You have spoken about the amount of efforts that have gone into the making of this film. Is there any amount of nervousness, especially since you are trying something unique yet again?
I think for this film, I am a little more nervous than the usual. We've been working really hard on all the aspects related to the film since so many months now. Through the process, you get so tired, that you really have no feeling left. You just hope that what you have made is liked and accepted by the audience. And, you never know. Sometimes, people end up liking films that you don't think are that great, and then, some don't like what you think is good. I have worked for so many years, but I can't analyse how a film should be. I guess those who spend money on it are the ones who can analyse it best - the audience. So, I just let things be. Ab jaisi hai, vaisi hai. Uska kuch kar nahi sakte (smiles).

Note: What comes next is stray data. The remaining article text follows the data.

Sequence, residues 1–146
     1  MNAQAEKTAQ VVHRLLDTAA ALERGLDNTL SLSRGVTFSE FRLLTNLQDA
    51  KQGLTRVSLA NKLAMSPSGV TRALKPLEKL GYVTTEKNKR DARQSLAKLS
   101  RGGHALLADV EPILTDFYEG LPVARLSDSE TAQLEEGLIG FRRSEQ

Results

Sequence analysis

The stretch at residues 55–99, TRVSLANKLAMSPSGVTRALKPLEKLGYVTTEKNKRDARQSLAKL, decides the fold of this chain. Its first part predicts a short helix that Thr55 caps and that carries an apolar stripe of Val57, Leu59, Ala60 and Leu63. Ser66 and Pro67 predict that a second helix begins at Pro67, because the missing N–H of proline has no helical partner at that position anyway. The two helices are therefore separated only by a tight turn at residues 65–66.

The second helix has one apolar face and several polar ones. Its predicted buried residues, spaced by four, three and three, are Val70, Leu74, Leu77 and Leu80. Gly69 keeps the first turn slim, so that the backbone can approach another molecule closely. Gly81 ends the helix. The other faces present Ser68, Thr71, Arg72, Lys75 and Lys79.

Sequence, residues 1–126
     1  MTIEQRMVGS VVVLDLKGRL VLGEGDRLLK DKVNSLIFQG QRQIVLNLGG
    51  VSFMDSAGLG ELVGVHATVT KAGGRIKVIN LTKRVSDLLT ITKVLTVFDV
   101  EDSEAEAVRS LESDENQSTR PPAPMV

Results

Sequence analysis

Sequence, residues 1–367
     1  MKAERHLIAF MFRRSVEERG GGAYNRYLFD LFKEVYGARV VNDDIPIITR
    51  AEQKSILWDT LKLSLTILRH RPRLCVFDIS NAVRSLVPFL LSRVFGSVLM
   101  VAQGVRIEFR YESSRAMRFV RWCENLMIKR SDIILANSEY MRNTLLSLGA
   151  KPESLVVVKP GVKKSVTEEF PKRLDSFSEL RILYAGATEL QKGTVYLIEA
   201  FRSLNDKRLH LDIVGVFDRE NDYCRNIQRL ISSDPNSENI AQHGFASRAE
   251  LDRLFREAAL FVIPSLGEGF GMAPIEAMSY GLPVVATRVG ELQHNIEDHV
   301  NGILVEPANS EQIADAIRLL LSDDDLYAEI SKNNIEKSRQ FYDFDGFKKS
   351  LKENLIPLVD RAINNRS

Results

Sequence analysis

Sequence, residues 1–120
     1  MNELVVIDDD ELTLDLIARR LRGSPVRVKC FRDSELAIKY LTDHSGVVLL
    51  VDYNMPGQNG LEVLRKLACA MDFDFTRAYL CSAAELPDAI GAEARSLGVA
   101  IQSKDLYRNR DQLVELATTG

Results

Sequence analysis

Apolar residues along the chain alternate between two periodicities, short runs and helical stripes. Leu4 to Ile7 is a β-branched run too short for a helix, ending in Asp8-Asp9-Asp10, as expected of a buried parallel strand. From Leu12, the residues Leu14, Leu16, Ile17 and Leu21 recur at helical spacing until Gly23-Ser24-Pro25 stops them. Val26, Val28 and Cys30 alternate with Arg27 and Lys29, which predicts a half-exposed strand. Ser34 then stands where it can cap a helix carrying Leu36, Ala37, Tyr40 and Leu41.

Stay tuned for Part II of our candid conversation with Shah Rukh Khan!

Are you excited to watch Zero tomorrow? Share your excitement in the comment below or Join the conversation on
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Love,
The Dancebee

1 comment:

  1. Awesome!!! It was too good and very unique concept for the movie..It was very much exciting to read the thought process and Journey of the movie. Excited to watch!!! ����

    ReplyDelete

Priya Adivarekar

Priya Adivarekar - Founder and Creative Director at Diary of a Dancebee. She is also a renowned Voice Actress and award winning artiste, with serious passion for dance. When not working round the clock, she can be seen reading, enjoying a movie-binge or listening to music.